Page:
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Abstract: An Interdisciplinary Approach to Reservoir Management: The Malu Field, West Niger Delta, Nigeria

B. A. Patterson, C. T. Bluhm, E. U. Adokpaye, F. M. Kpenkaan, B. A. Onasanya

The Malu Field is 175 kilometers southeast of Lagos, offshore Nigeria. The field was discovered in 1967 and brought on stream in 1971. Peak production reached 31,300 barrels per day in 1972. Twenty-six wells have been drilled in the thirty-six square kilometer size field. In 1990 original-oil-in-place was estimated at 345 million barrels with cumulative production of 109 million barrels and an estimated 40 million barrels of remaining reserves.

The Malu Field review was initiated in 1994 to resolve structural and production inconsistencies and therefore improve reservoir performance. The tools used include reprocessed three-dimensional seismic, oil chemistry (primarily gas chromatography), and production data.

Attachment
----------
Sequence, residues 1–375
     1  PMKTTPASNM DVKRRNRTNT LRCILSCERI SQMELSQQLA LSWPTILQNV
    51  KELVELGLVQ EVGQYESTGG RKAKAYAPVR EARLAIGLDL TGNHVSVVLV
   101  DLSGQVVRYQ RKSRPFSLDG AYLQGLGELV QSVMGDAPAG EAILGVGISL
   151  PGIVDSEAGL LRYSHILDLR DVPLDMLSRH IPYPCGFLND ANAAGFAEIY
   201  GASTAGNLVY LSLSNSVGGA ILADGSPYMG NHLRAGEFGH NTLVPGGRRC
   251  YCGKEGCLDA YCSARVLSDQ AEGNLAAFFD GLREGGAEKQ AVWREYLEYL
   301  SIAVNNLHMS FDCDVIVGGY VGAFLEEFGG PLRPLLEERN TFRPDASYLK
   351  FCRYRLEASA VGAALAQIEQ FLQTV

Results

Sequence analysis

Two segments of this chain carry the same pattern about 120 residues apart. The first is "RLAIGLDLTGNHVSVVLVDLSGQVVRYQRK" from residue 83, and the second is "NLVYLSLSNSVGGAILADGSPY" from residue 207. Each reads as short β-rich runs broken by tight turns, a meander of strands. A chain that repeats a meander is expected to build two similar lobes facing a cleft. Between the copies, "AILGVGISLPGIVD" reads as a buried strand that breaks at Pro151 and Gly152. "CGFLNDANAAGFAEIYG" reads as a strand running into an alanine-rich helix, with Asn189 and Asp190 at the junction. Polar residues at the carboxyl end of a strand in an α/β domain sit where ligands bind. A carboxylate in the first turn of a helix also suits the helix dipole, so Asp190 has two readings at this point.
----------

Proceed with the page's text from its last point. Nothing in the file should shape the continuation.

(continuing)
The complexly faulted field is subdivided into seven different fault blocks. Growth faults generally trend northwest to southeast and are downthrown to the west. Twenty-five different hydrocarbon-bearing sands have been identified within the field. These sands are separated into sixty-three different reservoirs by the series of southeast trending growth faults.

Most sands are laterally continuous within mapped fault blocks except in east Malu. Cross-fault communication of oils occurs among several of the shallow reservoirs in west Malu allowing wells to deplete unintended horizons. In addition, three of the dual string completions are producing oil only from only the upper sands.

The integration of seismic, oil chemistry, and production data allows more efficient management of production by providing accurate structure maps, reserve estimates, drainage pathways, and justification for workovers and future development drilling.

AAPG Search and Discovery Article #90956©1995 AAPG International Convention and Exposition Meeting, Nice, France